DANDI (dandiarchive.org) is a cellular neurophysiology data archive and collaboration hub built to support multiscale, multispecies, and multimodal neuroscience research. The data and resources related to DANDI support theoretical neuroscience, drive biological applications, and help develop new analytic tools. The DANDI infrastructure is built on open-source technologies and in the cloud, to support dissemination, search, visualization, computation, and coordination in neurophysiology research projects to promote FAIRness and efficiency. Through the lens of DANDI, I will discuss how neuroinformatics infrastructures can be built to support collaborative and open science, and potentially transform knowledge generation.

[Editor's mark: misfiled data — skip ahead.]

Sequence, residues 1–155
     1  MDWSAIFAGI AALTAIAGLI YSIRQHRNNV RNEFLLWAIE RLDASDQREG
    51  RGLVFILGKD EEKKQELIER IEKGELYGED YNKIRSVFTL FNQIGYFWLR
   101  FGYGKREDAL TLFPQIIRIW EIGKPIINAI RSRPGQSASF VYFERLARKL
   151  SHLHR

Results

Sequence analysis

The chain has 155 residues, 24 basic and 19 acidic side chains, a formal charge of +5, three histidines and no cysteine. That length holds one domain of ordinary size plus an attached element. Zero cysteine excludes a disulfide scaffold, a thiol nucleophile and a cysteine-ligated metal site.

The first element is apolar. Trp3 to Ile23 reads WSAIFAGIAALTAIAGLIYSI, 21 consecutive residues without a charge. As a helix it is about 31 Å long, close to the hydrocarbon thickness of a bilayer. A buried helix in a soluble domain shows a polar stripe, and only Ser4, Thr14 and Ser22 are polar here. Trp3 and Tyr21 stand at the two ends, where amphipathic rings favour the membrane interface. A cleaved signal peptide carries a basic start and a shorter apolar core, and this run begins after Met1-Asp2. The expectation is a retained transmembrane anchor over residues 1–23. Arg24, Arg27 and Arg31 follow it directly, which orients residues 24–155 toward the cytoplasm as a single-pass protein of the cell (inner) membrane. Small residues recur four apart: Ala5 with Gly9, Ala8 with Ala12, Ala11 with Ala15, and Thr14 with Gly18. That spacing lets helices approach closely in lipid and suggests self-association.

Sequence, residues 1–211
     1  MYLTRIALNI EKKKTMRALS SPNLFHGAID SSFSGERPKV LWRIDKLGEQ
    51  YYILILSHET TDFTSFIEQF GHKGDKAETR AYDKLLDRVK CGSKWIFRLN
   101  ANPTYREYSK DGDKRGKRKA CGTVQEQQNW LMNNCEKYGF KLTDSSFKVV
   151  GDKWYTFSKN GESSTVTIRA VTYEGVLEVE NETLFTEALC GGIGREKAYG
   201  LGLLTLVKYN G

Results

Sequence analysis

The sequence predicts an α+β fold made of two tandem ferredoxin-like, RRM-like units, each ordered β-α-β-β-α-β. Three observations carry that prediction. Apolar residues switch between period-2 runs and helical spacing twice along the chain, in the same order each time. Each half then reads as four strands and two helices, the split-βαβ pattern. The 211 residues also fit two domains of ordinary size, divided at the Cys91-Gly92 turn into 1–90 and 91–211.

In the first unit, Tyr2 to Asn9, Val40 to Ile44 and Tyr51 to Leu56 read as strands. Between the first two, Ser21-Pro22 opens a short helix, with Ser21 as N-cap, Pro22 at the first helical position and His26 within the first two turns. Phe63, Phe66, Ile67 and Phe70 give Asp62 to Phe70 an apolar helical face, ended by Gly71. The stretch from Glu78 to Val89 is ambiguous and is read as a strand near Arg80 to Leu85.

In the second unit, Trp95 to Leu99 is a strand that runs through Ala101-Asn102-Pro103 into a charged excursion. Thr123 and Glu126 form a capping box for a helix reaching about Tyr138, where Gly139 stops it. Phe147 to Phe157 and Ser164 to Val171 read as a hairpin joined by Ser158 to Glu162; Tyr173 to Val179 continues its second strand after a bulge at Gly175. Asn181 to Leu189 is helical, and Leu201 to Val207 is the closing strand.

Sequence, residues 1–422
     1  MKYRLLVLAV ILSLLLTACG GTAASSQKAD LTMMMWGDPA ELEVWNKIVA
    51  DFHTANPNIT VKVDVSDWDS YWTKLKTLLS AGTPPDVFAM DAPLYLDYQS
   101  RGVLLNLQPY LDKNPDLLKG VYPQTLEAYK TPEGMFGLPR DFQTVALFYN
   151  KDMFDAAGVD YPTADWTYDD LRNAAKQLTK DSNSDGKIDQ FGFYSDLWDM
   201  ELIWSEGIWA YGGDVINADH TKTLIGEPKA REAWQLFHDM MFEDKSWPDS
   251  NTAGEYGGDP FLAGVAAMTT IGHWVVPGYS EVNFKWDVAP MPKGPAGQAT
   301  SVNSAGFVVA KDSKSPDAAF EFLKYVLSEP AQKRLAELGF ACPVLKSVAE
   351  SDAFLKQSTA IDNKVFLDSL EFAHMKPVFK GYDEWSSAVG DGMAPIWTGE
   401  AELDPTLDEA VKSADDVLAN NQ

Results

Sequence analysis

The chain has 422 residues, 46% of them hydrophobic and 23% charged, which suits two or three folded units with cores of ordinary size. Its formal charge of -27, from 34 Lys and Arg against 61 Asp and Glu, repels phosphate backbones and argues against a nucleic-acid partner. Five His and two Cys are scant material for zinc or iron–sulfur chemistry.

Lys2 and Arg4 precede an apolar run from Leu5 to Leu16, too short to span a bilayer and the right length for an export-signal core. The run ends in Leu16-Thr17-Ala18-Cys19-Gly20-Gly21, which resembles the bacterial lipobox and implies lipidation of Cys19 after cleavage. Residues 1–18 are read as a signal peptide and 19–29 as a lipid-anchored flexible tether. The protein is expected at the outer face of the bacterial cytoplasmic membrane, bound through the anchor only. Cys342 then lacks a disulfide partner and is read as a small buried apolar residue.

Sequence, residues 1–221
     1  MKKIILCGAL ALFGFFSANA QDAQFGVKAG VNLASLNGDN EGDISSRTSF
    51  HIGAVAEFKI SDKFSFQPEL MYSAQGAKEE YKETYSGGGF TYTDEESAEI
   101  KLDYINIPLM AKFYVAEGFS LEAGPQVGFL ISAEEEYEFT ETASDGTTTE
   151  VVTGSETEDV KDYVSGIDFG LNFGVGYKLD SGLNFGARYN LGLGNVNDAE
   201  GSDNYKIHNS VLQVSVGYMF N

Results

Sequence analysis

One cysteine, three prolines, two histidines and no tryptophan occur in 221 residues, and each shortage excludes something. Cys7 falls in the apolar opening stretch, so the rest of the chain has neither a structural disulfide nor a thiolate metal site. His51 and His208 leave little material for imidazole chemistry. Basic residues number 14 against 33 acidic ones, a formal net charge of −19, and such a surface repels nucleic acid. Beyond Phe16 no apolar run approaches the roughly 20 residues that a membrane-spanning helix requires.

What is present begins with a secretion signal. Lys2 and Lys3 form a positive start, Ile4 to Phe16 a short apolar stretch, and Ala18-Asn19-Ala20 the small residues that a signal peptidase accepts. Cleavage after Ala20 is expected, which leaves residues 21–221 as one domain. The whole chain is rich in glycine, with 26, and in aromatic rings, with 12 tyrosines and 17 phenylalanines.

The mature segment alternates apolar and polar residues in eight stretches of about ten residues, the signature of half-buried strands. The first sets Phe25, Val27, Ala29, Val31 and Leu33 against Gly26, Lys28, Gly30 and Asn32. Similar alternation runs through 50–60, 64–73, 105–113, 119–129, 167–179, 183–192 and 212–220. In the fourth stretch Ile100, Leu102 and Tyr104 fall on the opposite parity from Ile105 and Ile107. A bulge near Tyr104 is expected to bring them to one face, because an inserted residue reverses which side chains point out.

The Kavli Foundation seeks to catalyze Open Data in Neuroscience by creating award mechanisms to optimize the vast quantities of data generated by neuroscientists, and fuel novel discoveries by mining open data. I will describe our funding approach, highlighting past projects that empowered researchers and recent awards to promote development of robust data standards, data sharing and data reuse.
In a perfect world, we would like datasets that represent the activity and properties of every functional component of our experimental systems. This situation has already come true in simulations, as we have access to every parameter and state variable of the model. This overabundance of data presents its own set of design problems for data integration, sharing and visualization, especially for multiscale models that span molecules to networks. I will discuss how we've implemented formats and tools to do this. I suggest that the development of these tools may provide guideposts for managing richer experimental datasets which incorporate multimodal and multiscale data.